January 26, 2022
In the bedroom community of Wilmington, just south of Lowell, sits a little white house, with paint peeling from the trim and a mailbox emblazoned with the American flag at the end of the driveway.
While homeowners Edward Kaizer and his wife, Mary Tassone-Kaizer, note that the house has been in the family for generations, they were shocked when a WBUR reporter showed them a clause buried in their property records, from 1897, stating that their land cannot be occupied by “negroes or Irish” or anyone considered “disorderly people.”
A deed from Lowell dated 1881 reads the “land shall never be deeded or conveyed to any person born in Ireland.”
“Oh, my God,” said Tassone-Kaizer, who works in accounts receivable for a local company. “Did your parents know about that?” Responded her husband, a high school teacher in Wilmington who grew up in the house: “If they did, they didn’t say so.”
Kaizer held the document with a stunned look, then said that his mother was an Irish immigrant. “It’s disgusting,” Tassone-Kaizer replied. “We don’t stand for any of that.”
So-called racial covenants can be found in property records all over the country, many of them restrictions written from the late 19th to mid-20th century. Some bar landowners from selling or renting to people who aren’t white, others target certain immigrant groups — like Poles, Italians, and Irish. A deed from Springfield in 1916 states that the “lot shall not be resold to a colored person, a Polande, or an Italian.” This language appears on the deeds for at least four separate properties sold by a single seller in Hampden County.
Experts note that the racist clauses have had no legal standing for decades, thanks to court decisions and legislation. In 1948, the US Supreme Court ruled that racial covenants were unenforceable, and in 1968, Congress outlawed them altogether as part of the Fair Housing Act.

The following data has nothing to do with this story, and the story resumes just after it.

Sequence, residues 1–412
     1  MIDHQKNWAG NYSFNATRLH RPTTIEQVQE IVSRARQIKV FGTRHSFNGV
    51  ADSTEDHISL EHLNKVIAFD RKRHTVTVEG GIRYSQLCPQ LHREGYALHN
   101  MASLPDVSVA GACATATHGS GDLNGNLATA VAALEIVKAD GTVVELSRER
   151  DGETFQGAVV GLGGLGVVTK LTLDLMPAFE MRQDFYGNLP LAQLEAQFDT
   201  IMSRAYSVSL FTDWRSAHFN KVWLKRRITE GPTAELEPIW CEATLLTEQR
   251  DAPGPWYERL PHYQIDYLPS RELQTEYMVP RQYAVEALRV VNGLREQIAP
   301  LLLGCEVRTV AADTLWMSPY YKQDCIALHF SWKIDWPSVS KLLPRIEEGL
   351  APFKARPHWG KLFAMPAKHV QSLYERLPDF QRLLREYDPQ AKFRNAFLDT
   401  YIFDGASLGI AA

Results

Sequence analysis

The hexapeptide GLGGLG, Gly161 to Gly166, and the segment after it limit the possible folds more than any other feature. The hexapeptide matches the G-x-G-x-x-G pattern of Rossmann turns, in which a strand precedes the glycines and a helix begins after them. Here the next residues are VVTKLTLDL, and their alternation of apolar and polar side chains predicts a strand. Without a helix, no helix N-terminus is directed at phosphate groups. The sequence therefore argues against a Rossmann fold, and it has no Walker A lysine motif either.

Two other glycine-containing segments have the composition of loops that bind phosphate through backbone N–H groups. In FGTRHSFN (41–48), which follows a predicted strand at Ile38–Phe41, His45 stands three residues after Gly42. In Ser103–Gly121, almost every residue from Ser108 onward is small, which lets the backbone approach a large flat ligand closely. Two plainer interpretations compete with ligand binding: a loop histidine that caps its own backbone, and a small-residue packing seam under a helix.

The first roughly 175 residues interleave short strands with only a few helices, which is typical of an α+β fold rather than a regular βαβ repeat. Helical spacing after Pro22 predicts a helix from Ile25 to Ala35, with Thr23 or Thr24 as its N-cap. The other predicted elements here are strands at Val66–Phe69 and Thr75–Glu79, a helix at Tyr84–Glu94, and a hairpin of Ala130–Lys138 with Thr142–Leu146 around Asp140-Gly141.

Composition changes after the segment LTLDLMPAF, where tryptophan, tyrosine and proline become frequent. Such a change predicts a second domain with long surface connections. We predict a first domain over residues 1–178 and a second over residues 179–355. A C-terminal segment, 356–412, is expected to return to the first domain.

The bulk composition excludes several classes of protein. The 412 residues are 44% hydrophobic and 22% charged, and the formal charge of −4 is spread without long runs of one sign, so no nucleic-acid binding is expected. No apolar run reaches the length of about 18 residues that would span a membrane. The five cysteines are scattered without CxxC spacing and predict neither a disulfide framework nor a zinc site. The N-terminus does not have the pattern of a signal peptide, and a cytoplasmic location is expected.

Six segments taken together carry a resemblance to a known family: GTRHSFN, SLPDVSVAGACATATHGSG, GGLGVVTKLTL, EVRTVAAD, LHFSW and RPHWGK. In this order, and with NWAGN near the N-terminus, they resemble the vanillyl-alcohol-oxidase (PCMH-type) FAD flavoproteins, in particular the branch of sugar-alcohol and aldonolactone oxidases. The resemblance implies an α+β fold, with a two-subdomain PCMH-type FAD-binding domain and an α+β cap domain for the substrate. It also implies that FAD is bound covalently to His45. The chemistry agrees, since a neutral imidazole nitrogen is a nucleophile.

The following year, Massachusetts also banned restrictions on the basis of race, color, religion, national origin, and sex.
But some state lawmakers and judges remain concerned that the clauses are still included in property records, a reminder of the country’s — and the state’s — legacy of racism. And now they are trying to figure out what to do about the matter.
The Massachusetts Land Court recently started letting judges add a note to deeds saying the covenants are void. “It allows for a formal repudiation of the records,” said Lauren Reznick, an administrator with the land court, “and it does so without erasing history.”
Some say that’s not good enough. A quarter of state lawmakers have sponsored a bill to let homeowners erase the racist language from their property files altogether.
State Rep. John Barrett, of North Adams, proposed the legislation after some constituents complained they couldn’t remove racial covenants from their home records. “As one said to me: ‘It’s just not who we are and we’d like it removed,’ “ Barrett said.
“It doesn’t surprise me because I’ve lived it,” said Ron Bell, who runs the nonprofit Dunk the Vote. Bell cited the violent clashes over busing in Boston, the Charles Stuart case (in which a Black man was wrongly accused of murder) and “just being Black in Boston.”
Bell argues that the racial covenants are a reminder of that history — and that the problems persist. Black and brown residents are less likely to own homes in the state, and far more likely to face discrimination by real estate agents.
In the cavernous records room at the Middlesex North Registry of Deeds in Lowell, Register Richard Howe shares an example of a racist land covenant, tied to a property sold in Lowell in 1881: “Said premises is being deeded under the express agreement and condition that the land shall never be deeded or conveyed to any person born in Ireland.”
“You can’t get more specific than that,” he said.
The deed hits close to home for Howe. He said that seven of his eight grandparents immigrated to Lowell from Ireland in the late 1800s and may have personally faced this kind of discrimination. An aficionado of Lowell history, he said the anti-Irish deed language reminds him of the sentiment expressed at the dedication of a new Superior Court facility in 1898.
“The speeches were almost saying, ‘It’s important that we have this building that communicates the rule of law, because we’ve got all of these people who don’t speak English arriving on our shores,’ “ he said.
Howe says there’s no way to identify all the racist restrictions buried in old deeds — or even come up with a reliable estimate of how many there are. Property records in Massachusetts date back to the 1620s. And the vast majority are handwritten and not searchable. So any count would have to be done manually.
“It would take really going through every, every document,” he said, noting that there are 14 million pages of property records in his registry alone. And there are 20 other registries across the state.
So many of the racist restrictions will likely remain buried — until Howe, or someone else digging into the old records, finally stumbles on the passages.